Now, that doesn’t explain why Duke over Kentucky and North Carolina, but we should have expected Clemson to struggle to land a top prospect. Sure, he was a local kid for the Tigers, but how many local football stars have left for more football-centric schools (Bryce Love and Dexter Lawrence to name two).

The surprising decision is significant because it gives Duke the three best prospects in the Class of 2018 – R.J. Barrett, Cameron Reddish and Zion Williamson. And don’t forget Tre Jones, currently No. 7 on the RSCI and the top-rated point guard in the class.

On paper, it’s the greatest class in modern recruiting history. It does remind me a little of Duke’s 1997 haul. That was before RSCI or ESPN starting ranking recruits, but various services had three Duke signees (Elton Brand, Chris Burgess and Shane Battier) as the No. 1 player in the class with guard Will Avery highly regarded too.

ESPN’s Paul Biancardi was recently surveying the 2018 class and he acknowledged that there was some debate as to the order of the top three guys. But, he emphasized, there is no debate as to the top three – after them, there is a significant dropoff.

Can they play together?

That was a question many Kentucky fans were asking Saturday night as they wallowed in their misery (the meltdown on Rupp’s Rafters was even more entertaining that the Inside Carolina meltdown). How can three small-forwards co-exist?

Well, to begin with, that question suggests that the person asking it has not followed Coach K’s career. Has there ever been a more position-less coach in basketball history? He’s played three swing-men together on a multitude of occasions.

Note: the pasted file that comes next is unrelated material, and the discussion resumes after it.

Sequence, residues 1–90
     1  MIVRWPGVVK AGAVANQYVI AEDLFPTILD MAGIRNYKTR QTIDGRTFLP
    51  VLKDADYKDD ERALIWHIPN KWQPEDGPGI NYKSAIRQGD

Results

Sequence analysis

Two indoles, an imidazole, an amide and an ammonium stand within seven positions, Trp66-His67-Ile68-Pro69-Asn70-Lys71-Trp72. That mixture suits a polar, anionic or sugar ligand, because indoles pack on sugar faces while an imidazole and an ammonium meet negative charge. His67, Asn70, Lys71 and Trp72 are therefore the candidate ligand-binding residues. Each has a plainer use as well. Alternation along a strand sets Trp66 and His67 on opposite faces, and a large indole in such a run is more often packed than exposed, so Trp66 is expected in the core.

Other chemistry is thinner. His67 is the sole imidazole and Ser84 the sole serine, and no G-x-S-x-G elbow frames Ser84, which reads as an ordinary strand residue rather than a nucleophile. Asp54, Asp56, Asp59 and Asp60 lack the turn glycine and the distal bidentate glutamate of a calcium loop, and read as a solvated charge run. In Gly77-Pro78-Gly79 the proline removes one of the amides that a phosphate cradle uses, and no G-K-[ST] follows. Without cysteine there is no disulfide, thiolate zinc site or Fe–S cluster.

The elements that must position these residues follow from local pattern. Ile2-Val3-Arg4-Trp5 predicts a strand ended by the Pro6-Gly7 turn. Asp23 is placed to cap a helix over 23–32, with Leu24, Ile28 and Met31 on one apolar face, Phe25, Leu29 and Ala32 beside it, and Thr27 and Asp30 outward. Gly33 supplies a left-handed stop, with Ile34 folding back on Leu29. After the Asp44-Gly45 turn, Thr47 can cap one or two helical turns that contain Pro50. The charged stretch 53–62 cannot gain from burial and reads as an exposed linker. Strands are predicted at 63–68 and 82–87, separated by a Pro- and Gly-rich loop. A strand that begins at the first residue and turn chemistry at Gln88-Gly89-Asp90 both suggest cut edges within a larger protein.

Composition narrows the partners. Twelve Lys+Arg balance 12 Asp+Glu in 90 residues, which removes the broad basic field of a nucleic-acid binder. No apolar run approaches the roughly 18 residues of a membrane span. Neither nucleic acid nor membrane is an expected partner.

Indeed, his first two national titles were teams that played three swingmen (Grant Hill, Greg Koubek/Brian Davis, Thomas Hill).

But the question also suggests that the person asking it has not seen Zion Williamson play. He may be a mere 6-6, but at 275 pounds, he’s a powerful player. Yes, he may end up as a small forward in the NBA, but he’s bigger (and stronger) than some of Coach K’s best “power” forwards – including Lance Thomas and Justise Winslow, the four-men on K’s last two national championship teams.

There are still more than eight months before the 2018-19 Blue Devils take the court in public for the first time and a lot can change between now and then.

But at this moment, it’s safe to project that the four 2018 recruits will be four of the five starters going into next year.

The fifth starter remains to be determined. It could be junior Marques Bolden, junior Javin DeLaurier, sophomore Grant Trent or K could pull another recruiting rabbit out of his hat. I really don’t expect that option, but we’ll have to wait and see on the three upperclassmen I mentioned. Which will come back? Which will elevate their games? Which will fit together best with the four freshmen?

Anyway, it’s fun to speculate.

Living in the Golden Age of Duke basketball is almost always fun.